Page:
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CRLC | Quick Six June 2022

June 30th, 2022

E.E. Ward Moving and Storage Co. is the oldest African-American owned business in the United States. Before forming an official business model for a moving company, founder John T. Ward used his two horses and wagon as a method of transportation on the underground railroad, an early indication of his logistics intuition. Founded in 1881 by Ward and his son William S. Ward, E.E. Ward has grown to 20 plus trucks and trailers and over 100 employees between Ohio and North Carolina. I had the chance to sit down with Brian Brooks, Owner, to talk about the importance of the Ward family business legacy and these are some of his remarks. 

Q: How did you become the owner of E.E. Ward?

A: Eldon Ward is the great-great-grandson of John T. Ward. Eldon was the last Ward to own the company and since Eldon and his wife Elsie did not have children of their own, there was not a succession plan in place when he retired in 1995. My father, William Brooks, was Eldon’s attorney, and they developed a friendship over the 20 years of working together. When I was born, my parents asked Eldon to be my godfather, so I was around Eldon my entire life. In 2000, I began to have conversations with Eldon about the business, and by April 2001, I had purchased the company and its assets. 

Q: What is the legacy of the Ward family now?

The legacy is the longevity, milestones reached and challenges E.E. Ward has overcome in 141 years. It is the epitome of entrepreneurship and business ownership to “weather the storm” from world wars, the Depression, stock market crash, pandemics, and the list goes on. It is all a testament to our ability to endure through it all. I look at what has gone on in our country in the 21st century, and despite how hard it has been, it was different in the early years of the company’s history. The legacy I want to protect is that the Ward family has persevered through not only business challenges but also the struggles of racism as a black-owned business – struggles we could only imagine today. Their mindset at that time was to run a good business and develop relationships with white-owned businesses in Columbus. To present themselves as businessmen and sell their service in a time where the challenges were more than they are today, is important to put in context.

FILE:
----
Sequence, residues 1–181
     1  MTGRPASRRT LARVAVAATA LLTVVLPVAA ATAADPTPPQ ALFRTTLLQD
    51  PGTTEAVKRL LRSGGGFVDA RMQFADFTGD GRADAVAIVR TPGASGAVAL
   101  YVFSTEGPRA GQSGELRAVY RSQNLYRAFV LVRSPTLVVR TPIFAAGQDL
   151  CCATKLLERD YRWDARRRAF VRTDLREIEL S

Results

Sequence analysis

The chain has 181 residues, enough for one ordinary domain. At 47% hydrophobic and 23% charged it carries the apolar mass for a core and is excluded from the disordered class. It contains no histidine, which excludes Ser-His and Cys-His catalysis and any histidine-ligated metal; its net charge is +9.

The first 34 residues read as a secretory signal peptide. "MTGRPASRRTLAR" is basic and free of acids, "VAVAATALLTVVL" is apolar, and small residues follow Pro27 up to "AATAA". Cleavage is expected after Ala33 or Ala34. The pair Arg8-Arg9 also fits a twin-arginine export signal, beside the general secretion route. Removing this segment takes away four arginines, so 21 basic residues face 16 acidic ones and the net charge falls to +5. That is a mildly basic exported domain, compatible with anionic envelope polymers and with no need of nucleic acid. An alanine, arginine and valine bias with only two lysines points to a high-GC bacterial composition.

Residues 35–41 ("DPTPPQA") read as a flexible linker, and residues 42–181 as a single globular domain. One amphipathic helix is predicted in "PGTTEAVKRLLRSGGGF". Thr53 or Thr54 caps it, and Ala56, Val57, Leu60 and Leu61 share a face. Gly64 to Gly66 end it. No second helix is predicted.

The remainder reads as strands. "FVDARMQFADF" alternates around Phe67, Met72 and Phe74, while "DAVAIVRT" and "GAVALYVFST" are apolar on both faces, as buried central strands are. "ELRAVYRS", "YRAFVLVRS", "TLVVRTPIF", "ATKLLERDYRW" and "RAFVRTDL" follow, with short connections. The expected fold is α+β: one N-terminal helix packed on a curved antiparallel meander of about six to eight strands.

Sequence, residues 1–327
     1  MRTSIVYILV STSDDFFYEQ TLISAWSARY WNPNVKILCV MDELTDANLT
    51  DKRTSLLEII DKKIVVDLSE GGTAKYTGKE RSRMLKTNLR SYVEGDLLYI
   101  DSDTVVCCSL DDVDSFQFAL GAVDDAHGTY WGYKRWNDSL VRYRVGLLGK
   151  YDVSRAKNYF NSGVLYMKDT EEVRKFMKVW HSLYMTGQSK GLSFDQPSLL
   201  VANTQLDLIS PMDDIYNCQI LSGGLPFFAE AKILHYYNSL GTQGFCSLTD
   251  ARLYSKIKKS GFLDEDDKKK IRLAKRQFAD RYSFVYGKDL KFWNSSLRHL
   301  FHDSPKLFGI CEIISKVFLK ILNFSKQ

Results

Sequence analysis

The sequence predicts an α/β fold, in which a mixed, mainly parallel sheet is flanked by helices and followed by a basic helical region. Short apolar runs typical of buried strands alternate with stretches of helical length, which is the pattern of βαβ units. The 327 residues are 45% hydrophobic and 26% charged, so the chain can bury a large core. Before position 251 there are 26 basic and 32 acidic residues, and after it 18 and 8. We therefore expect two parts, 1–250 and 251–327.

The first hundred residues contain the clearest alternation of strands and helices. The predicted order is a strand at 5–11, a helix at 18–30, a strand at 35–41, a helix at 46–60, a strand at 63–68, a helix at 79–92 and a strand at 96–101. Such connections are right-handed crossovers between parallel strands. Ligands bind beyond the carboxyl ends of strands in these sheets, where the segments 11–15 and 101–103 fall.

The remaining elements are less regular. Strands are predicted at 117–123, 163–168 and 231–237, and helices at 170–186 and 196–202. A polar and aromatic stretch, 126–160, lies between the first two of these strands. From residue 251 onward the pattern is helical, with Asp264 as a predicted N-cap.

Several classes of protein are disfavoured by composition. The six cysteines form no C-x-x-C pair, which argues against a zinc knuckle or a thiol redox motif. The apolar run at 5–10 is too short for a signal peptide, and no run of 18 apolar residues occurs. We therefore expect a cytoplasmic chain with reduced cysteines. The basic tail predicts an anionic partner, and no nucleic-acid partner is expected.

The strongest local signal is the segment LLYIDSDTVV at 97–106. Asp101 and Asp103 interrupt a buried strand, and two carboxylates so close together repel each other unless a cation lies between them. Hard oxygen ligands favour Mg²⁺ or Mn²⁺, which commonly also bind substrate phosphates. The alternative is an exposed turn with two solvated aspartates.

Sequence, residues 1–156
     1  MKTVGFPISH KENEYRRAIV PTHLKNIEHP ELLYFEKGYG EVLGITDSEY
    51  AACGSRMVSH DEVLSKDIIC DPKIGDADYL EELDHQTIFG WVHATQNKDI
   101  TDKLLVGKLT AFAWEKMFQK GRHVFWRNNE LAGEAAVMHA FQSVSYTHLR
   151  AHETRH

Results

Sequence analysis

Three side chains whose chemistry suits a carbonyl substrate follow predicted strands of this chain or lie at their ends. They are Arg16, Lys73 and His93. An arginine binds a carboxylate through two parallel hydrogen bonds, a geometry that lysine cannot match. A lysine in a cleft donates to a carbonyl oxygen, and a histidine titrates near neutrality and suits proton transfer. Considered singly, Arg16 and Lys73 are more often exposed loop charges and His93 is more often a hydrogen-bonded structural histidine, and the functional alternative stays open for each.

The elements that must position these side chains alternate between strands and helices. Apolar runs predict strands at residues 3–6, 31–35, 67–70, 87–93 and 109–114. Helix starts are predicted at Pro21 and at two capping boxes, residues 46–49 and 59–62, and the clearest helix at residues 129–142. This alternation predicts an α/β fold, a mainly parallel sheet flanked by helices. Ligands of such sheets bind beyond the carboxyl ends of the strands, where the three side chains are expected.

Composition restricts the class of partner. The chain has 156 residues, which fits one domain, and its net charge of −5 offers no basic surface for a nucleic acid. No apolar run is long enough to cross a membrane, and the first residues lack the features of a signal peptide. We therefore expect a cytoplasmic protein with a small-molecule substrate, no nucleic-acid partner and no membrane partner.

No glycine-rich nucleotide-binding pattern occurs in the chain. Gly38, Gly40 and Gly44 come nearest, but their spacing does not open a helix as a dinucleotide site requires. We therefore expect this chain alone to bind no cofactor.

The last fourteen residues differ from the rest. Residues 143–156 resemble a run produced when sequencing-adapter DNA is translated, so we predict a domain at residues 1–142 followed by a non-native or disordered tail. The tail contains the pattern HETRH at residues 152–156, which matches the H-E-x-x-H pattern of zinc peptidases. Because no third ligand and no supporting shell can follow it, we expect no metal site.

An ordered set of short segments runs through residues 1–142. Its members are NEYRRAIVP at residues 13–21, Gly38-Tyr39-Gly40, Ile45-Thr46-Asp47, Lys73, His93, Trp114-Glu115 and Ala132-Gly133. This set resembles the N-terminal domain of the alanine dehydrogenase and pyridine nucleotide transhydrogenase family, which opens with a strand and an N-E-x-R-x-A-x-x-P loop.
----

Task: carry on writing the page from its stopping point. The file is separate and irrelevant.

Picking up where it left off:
Q: What responsibility do you feel as the owner of the oldest African American-owned company in the US?

A: The legacy of E.E. Ward is bigger than me or one individual. We may be the poster billboard example of black-owned business history. When people hear our story, others are motivated and it can give you chills, the calls, and comments we receive about how we inspire other business owners. But also, me as an individual, along with my wife, I want to speak to entrepreneurs to help them avoid some of the challenges in business if I can. More importantly, I have seen things and learned lessons that I want to pass along to the next MBE businesses so they can navigate in a better way than I did. 

It is clear from my conversation with Brian that resilience and perseverance is the main attribute that has led to over a century of success. Their ability to adapt to the constantly changing world of logistics has created a model that businesses large and small can emulate to this day. For more information about E.E. Ward and its services, visit https://eeward.com/  or https://www.youtube.com/eeward

To contact Brian Brooks email at brian@eeward.com

Zakee Bashir
Manager, Columbus Region Logistics Council
ZakeeBashir@columbus.org